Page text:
The Problems With Philanthropy, and What We Can Do to Fix Them

As I step into a new role where I can provide support for people of color, I recognize philanthropy’s faults

Dr. Carmen Rojas. Courtesy of The Workers Lab.

I heard the whispers after meetings about how to “talk” to funders and manage them so that good work could still have the resources it needed.

Like many young people who wanted to be of service, I spent the early days of my career navigating the idiosyncrasies of foundations and funders. I witnessed some of the smartest people I knew folding themselves into pretzels for grants. I saw how consultants who had never lived in my community were funded to shape its future. I heard the whispers after meetings about how to “talk” to funders and manage them so that good work could still have the resources it needed.

We are often motivated by a belief that our institutions are more precious than the people we purport to serve. This is not true.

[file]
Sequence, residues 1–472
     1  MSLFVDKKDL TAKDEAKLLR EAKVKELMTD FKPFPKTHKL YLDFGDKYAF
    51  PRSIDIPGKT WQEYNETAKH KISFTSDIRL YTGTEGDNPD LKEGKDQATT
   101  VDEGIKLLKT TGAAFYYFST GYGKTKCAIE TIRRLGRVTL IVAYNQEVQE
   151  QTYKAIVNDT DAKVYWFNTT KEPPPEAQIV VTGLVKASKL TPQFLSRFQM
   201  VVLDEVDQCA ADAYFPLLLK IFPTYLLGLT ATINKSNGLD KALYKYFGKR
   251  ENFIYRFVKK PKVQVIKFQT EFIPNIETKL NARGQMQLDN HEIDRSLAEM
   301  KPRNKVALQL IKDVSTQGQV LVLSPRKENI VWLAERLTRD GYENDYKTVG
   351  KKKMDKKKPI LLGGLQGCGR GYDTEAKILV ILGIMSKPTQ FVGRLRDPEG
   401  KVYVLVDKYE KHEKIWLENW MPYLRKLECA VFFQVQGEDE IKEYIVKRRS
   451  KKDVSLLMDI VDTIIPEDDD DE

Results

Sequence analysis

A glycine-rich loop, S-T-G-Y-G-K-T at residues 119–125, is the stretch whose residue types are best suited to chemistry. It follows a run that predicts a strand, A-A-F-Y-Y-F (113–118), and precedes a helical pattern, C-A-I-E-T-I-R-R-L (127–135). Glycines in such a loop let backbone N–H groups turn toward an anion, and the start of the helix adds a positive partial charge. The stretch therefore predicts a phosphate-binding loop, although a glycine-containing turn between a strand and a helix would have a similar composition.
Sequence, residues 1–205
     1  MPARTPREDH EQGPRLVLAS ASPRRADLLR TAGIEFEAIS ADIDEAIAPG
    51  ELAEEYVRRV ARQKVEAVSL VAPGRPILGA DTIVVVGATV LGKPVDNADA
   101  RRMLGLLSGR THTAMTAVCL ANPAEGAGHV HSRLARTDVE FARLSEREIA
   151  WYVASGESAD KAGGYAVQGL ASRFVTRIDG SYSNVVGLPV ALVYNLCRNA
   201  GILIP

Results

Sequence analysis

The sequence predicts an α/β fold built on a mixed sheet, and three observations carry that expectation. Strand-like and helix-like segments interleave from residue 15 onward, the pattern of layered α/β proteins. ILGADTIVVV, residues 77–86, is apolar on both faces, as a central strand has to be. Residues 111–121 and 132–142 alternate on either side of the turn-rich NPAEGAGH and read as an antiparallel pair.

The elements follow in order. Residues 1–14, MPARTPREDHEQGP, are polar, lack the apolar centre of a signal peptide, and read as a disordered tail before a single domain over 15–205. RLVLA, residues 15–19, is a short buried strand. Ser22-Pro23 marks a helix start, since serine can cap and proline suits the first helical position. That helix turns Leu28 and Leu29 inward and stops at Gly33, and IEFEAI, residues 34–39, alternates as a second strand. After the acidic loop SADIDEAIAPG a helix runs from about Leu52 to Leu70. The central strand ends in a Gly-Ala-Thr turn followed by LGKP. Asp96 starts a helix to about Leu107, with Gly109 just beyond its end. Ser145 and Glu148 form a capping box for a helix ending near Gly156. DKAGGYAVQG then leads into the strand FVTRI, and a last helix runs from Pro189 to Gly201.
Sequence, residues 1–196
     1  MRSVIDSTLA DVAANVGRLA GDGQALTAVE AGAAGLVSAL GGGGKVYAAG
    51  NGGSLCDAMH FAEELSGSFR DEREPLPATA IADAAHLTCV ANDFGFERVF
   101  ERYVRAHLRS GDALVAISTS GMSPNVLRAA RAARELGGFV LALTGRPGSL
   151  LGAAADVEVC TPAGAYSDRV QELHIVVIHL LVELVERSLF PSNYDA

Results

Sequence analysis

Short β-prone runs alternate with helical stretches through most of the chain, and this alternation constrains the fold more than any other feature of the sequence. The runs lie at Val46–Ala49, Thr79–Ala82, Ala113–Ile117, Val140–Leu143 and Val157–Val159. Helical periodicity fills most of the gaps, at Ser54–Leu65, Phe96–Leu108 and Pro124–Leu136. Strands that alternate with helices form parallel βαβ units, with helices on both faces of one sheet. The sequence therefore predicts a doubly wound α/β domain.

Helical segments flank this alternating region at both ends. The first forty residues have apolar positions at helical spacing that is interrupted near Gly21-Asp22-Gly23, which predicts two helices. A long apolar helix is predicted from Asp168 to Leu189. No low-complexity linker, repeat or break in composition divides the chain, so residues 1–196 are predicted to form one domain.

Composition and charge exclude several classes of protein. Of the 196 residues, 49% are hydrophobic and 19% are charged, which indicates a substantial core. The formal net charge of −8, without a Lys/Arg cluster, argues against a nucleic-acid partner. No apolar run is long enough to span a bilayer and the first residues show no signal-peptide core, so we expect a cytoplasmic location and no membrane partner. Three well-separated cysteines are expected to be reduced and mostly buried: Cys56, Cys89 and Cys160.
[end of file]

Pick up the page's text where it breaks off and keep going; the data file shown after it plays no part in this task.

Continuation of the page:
On the one side, philanthropy is increasingly calling for transparency, more progressive people of color in leadership, and accountability for the ways our dollars can distort and destroy. On the other side, we value presence over power. We are unwilling to engage in the debates of our time beyond websites and newsletters. And we are often motivated by a belief that our institutions are more precious than the people we purport to serve. This is not true.

Committed to being of service to those who dream in the direction of freedom. Founder of The Workers Lab. Incoming President of Marguerite Casey Foundation.

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